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July 2011 Issue
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Lessons from the far side

The cities are great, but the Australian bush can be deadly. Photo: Mark Banham
Kiwis might love the outdoors, but when it comes to fanaticism we aren’t a patch on the Australians

I’d like to dispel the rumours that I have defected to the west; that I’ve gone over the ditch to the land of broad dusty horizons and easy mining money. I have not… well, at least not permanently.

Through a strange set of circumstances I’ve found myself waylaid on the wrong side of the ditch for a couple of months. Being away from Central Otago and the Southern Alps has been tough, but on the bright side it’s been a great chance to explore the Australian bushwalker’s mindset.

You’d think wilderness lovers either side of the Tasman would be pretty much the same folk – after all, we pursue similar ends in similar circumstances – we should be similar people, right. But no, stand a bushwalker next to a tramper and it’s immediately clear that they’re cast from different moulds. Why is that?

My theory is a little Freudian. That is, it all comes down to our relationship with our mother – in this case Mother Nature. Whereas in Aoteoroa she’s a benign if not benevolent force, in Australia you get the impression that, well, she just doesn’t like you.

Now don’t get me wrong, the Kiwi landscape has enough challenges to last a lifetime – some of which can make that lifetime a whole lot shorter if you’re not careful – but on the whole it’s a pretty welcoming place.

West of ‘the ditch’ on the other hand, the landscape is an insurmountable adversary, a seemingly endless labyrinth of rolling eucalypt-forested hills populated by a host of otherworldly creatures that are loaded with enough venom to kill an elephant – despite the fact pachyderm isn’t on the menu for any of them.

Beyond the labyrinth lies the great heart of darkness, a desert void populated only by the Aborigines; the world’s oldest continual culture and one that after two centuries of cohabitation, the colonial population seems no closer to understanding – despite continually professing to know what’s best for them. But I digress.

With such an uninviting wilderness it’s not surprising that the vast majority of the population avoids it altogether. Most of our trans-Tasman brethren seem to spend their leisure time at the ‘footie’, ‘trots’, ‘doggies’ or the pub. Sure they all enjoy a bit of sunshine, maybe a day at the beach or a jog through the park, but the idea of real wilderness, complete with mosquitoes to bite you and crocodiles to eat you, is something best reserved for decorative photographs on the office wall.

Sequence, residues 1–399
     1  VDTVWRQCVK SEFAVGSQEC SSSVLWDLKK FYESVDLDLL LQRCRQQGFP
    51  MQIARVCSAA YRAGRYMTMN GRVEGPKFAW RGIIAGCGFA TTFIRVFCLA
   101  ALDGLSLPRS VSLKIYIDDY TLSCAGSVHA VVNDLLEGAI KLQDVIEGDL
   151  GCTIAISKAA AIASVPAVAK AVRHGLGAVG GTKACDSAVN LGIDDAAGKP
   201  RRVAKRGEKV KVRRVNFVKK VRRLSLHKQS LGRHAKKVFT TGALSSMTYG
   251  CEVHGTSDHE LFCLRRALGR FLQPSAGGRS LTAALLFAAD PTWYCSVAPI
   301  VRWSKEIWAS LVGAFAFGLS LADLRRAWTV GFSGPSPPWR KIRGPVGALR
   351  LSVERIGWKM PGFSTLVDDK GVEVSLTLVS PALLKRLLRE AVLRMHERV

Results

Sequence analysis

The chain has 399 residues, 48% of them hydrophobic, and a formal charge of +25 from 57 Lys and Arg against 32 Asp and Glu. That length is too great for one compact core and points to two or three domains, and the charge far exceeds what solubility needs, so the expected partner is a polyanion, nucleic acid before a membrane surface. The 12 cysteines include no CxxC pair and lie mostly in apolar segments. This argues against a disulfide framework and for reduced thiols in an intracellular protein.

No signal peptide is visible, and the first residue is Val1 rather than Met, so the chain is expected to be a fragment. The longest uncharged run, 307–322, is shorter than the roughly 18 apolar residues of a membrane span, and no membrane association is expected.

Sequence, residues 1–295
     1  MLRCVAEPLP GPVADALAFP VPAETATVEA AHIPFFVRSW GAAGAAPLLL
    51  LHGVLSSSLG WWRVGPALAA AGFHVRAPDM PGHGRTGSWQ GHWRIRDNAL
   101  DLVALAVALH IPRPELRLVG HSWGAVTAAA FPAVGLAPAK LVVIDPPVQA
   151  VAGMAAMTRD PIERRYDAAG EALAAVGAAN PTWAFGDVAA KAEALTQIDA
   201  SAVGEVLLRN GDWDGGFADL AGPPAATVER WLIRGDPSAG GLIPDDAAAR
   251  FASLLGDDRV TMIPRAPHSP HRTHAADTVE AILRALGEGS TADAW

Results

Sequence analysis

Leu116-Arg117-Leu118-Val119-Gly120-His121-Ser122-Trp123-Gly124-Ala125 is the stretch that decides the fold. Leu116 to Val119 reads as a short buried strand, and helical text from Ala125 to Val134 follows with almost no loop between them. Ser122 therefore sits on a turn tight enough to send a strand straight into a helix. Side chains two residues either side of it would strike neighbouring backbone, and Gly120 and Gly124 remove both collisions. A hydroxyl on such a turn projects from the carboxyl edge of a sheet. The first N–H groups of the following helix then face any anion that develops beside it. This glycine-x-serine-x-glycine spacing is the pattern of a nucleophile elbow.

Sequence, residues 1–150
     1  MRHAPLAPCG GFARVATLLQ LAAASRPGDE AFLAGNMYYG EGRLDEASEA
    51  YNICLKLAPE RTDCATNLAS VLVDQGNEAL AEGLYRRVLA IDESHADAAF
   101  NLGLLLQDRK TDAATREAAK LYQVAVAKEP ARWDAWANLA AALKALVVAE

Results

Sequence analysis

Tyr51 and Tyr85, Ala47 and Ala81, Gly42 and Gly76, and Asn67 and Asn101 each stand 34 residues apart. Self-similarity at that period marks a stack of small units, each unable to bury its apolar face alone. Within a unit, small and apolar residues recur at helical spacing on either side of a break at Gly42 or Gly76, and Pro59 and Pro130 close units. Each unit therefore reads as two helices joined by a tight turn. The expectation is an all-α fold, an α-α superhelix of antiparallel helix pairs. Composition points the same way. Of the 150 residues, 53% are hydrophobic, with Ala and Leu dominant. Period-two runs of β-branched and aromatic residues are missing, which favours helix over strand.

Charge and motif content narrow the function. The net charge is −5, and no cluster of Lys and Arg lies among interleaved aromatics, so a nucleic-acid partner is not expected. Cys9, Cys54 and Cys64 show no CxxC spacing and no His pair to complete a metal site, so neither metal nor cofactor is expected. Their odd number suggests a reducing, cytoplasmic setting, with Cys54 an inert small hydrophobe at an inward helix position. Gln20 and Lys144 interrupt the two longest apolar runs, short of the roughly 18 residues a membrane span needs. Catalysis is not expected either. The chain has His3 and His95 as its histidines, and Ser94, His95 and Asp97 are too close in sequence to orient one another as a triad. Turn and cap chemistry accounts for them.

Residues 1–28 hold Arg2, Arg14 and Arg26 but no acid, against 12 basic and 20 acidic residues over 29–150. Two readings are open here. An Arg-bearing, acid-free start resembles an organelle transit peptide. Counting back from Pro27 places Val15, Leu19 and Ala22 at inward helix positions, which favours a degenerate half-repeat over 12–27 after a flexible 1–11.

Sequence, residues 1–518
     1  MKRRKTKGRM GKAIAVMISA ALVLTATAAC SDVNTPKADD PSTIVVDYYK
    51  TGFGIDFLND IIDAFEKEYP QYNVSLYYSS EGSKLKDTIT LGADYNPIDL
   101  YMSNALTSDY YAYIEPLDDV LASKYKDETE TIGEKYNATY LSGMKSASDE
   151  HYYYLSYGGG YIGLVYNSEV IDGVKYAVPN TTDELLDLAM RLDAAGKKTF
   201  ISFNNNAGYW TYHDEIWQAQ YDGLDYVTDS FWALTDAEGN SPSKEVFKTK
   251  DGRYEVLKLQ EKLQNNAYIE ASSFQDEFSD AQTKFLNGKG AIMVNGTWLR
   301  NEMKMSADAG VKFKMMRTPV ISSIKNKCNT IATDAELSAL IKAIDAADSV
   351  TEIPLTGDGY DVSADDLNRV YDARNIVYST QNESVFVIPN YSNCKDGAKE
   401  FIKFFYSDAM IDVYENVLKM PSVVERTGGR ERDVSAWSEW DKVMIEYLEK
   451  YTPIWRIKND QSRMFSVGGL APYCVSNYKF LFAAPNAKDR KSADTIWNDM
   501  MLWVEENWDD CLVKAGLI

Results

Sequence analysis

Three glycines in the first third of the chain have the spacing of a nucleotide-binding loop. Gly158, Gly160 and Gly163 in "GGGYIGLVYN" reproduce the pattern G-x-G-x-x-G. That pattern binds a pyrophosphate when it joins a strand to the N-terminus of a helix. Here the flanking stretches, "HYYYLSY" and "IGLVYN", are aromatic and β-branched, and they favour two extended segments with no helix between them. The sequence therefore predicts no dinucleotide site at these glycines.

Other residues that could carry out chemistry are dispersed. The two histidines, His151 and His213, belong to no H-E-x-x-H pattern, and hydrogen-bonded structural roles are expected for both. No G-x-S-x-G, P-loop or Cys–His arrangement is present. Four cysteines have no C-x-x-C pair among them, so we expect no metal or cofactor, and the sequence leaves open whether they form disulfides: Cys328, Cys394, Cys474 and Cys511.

Aussie bushmen are fanatics. Photo: Mark Banham

However, in every river there’s an eddy that flows against the current, and at the edge of the Australian populous there’s a small percentage that don’t just like the idea that wilderness areas exist, they actually get out there amongst it.

They drive for hours to escape suburbia, they pay steep fees just to get into their National Parks, they dodge the fires that periodically incinerate their beloved places (but resist the temptation to control this natural cycle) and they fight the corporate interests that would dam, farm and otherwise ‘develop’ their playgrounds.

In this constant battle to do what they love, the Australian outdoorsmen shares something in common with Mormons, Jews, Scientologists and Britney Spears fans. All these subcultures have grown up in difficult environments with a majority of people who at times would really rather they just quietly faded away. But the effect is quite the opposite: rather than thinning their ranks these things have distilled them into a more potent and more motivated force.

Likewise for the Aussie bushwalkers, as wilderness sports becomes less mainstream, the remaining outdoorsmen and women seem to become more fanatical. For these people the outdoors isn’t a way of life, these guys are generally office-bound accountants, lawyers and salespeople, it’s the one-percent of life that makes it worth living.

Back in New Zealand, the participation rate in wilderness pursuits seems much higher. It seems that every other person goes hunting on the weekend or fly fishing on holiday – and that’s a very good thing – but perhaps because it’s more mainstream there just doesn’t seem to be that sort of fanatical zeal about it.

So my question is; how do you capture that fanaticism? How do you teach it to the mainstream without replicating the circumstances that created it (which in this case would require introducing funnel web spiders and salt water crocodiles into our National Parks)?

If we could somehow figure out a way of harnessing the passion and energy of urban outdoor fanaticism, without its painful causes, if we could create a world where even the newsreaders had hiking boots on under the desk, then the big environmental problems facing us today would be a cinch.